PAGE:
Scene In A Bar

He sat in the corner of the bar reading Proust. There was a small gold color lamp beside him. He would pull the chain to make it brighter, or, more dim. It had a red lampshade on top with dangling pieces of black rope. He would touch the cords every so often as he turned the pages of Swann’s Way. He sometimes caught himself touching the lamp shade too fondly. He would place his hand on the bar and whisper, Bad hand.

In front of him was a snifter of Grand Marnier and a short dark stout. He’d drink from the snifter and roll the alcohol around in his mouth; tasting the burnt orange flavor. That was followed by a drink of stout. He preferred Guinness, but, Murphy’s would do. He continued reading.

A young lady seated in the middle of the bar asked the bartender who the man was? The man reading Swann’s Way so intensely. The bar keep chuckled. Told the girl, A regular.

A regular you say, the bartender nodded. Why there’s nothing regular about him, she said. He looks as though he’s violating that lamp, the bartender laughed, caught himself, then quietly chuckled some more.

He’s been reading in that corner for the last ten years.

Always Proust?

No. He’s read other books as well. Joyce, Beckett, Camus, a lot. Never without a book that one, he said. Never.

And, he always drinks the same drinks?

Very routine. Yes, very routine. I make sure we always have Grand Marnier and stout. Never been caught without it.

I see. How long does he sit there? Reading.

Leaves at 8 every night to catch the last bus home. He pays his bill, places his book in the satchel, tips his hat and leaves. When he stops the world will end.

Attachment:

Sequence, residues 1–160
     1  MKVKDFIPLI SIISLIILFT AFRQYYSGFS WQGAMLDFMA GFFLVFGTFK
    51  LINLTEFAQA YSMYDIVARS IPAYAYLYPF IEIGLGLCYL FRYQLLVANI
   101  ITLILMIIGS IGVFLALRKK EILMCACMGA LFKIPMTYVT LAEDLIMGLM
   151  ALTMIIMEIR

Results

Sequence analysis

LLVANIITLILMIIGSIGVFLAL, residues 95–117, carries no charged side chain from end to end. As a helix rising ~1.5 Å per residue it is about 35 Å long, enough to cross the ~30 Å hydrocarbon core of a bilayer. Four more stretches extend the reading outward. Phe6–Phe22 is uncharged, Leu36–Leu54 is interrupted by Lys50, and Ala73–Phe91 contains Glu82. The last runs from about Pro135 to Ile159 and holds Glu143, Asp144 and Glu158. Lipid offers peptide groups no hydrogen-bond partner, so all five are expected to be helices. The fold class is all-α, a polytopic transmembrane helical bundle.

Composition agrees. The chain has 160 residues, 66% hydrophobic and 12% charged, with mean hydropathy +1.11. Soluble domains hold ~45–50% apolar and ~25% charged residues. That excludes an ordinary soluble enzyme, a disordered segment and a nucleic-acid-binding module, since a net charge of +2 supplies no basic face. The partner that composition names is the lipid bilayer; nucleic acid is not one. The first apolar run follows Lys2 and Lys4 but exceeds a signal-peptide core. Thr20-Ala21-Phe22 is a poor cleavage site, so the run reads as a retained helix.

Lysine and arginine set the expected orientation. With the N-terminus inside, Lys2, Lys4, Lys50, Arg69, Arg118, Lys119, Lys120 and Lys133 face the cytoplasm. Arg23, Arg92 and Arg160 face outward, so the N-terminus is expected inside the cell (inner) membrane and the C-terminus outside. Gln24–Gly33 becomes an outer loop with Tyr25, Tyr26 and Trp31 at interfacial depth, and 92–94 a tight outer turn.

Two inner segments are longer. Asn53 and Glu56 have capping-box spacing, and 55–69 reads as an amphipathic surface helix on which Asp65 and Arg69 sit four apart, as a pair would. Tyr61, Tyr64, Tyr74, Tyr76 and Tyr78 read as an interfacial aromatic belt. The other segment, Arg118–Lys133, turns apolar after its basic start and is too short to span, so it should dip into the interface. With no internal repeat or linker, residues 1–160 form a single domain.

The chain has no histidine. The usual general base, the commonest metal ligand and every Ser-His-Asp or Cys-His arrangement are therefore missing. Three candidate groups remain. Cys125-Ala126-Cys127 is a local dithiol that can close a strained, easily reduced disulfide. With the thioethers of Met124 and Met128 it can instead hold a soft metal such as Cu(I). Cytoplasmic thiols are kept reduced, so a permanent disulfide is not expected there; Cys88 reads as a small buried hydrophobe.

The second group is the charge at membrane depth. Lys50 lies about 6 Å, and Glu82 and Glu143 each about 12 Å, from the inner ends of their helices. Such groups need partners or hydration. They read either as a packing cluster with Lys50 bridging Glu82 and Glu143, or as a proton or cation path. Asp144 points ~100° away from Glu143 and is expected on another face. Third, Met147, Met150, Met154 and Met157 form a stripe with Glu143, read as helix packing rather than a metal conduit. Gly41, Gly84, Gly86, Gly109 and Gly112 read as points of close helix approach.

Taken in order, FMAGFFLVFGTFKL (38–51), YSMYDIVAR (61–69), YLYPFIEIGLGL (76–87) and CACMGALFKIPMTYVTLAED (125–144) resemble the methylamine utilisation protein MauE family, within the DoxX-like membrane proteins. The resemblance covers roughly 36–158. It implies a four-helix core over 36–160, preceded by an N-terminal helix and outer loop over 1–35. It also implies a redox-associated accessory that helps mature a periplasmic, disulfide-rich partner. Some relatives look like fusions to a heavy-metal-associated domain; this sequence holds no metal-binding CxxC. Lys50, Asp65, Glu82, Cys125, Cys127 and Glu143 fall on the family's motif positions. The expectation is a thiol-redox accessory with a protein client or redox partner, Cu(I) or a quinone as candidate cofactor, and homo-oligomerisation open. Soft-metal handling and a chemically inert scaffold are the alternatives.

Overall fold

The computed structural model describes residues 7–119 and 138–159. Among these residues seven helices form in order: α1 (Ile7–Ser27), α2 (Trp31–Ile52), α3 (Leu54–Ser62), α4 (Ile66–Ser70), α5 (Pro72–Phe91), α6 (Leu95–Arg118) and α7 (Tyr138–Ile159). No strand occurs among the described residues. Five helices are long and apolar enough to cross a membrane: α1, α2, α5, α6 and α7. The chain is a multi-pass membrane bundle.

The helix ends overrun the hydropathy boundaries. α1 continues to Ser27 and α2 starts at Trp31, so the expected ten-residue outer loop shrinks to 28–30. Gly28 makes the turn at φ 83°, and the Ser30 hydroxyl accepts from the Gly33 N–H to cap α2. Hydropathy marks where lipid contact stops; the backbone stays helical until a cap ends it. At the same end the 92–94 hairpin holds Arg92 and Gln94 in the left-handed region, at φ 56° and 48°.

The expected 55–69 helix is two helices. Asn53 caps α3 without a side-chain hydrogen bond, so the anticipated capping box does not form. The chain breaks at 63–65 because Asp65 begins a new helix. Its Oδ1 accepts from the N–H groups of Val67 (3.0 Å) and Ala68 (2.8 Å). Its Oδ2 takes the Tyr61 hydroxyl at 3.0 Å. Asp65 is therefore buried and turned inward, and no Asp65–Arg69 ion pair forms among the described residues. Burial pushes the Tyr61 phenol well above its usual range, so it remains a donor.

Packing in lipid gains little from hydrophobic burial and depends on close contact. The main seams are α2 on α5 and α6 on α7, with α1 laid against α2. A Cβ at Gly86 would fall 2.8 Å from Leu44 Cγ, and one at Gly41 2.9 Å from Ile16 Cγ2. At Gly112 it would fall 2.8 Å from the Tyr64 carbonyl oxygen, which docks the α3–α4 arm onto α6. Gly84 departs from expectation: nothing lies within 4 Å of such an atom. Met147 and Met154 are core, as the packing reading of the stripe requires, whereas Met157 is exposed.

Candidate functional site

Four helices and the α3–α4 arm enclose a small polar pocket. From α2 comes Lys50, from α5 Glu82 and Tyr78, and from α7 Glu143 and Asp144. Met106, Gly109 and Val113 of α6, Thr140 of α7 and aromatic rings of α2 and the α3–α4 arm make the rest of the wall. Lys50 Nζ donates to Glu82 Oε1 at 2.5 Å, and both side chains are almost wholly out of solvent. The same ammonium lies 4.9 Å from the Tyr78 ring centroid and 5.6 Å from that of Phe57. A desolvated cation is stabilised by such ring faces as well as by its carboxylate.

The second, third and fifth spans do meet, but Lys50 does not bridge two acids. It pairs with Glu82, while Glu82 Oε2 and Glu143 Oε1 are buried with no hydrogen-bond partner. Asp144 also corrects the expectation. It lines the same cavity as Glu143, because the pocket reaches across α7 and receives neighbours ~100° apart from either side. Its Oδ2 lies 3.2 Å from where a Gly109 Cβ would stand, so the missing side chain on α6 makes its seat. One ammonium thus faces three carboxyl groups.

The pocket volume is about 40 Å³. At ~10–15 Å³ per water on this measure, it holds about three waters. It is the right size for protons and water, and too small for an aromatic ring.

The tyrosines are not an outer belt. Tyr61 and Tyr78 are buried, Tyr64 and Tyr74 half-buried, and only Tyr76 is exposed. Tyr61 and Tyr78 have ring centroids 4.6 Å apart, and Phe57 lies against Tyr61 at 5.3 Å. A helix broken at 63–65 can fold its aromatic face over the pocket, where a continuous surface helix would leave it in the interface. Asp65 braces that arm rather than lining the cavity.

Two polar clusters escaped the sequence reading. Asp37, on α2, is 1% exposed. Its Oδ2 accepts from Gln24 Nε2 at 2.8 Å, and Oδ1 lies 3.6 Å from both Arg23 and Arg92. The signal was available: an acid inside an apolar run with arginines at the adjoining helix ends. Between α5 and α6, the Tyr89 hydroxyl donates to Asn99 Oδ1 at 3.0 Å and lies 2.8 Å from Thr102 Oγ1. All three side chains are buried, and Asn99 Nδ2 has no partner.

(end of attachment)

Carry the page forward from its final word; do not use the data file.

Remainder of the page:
What does he do?

He doesn’t. Not that I know of. Knows how to nurse a drink. I’ll tell you that.

Outside it was dark. The man could tell it was getting late. He placed money on the bar and put his book away. He tipped his hat. Then walked out into the night. The young lady looked on from the front window as he continued down the street.

There he goes, the bartender said. The last of his kind, he smiled.

Yes. I suppose so.

Published by:

dmseay

The writing is based on my surroundings and what I've been surrounded by. This language is coarse and politically incorrect; which I make no apologies for. These characters are not nice and to use any other dialogue would be disingenuine. That being said, I choose to roll the dice. dm seay

Leave a comment

Leave a Reply

Fill in your details below or click an icon to log in:

WordPress.com Logo

You are commenting using your WordPress.com account. Log Out /  Change )

Google photo

You are commenting using your Google account. Log Out /  Change )

Twitter picture

You are commenting using your Twitter account. Log Out /  Change )

Facebook photo

You are commenting using your Facebook account. Log Out /  Change )

Connecting to %s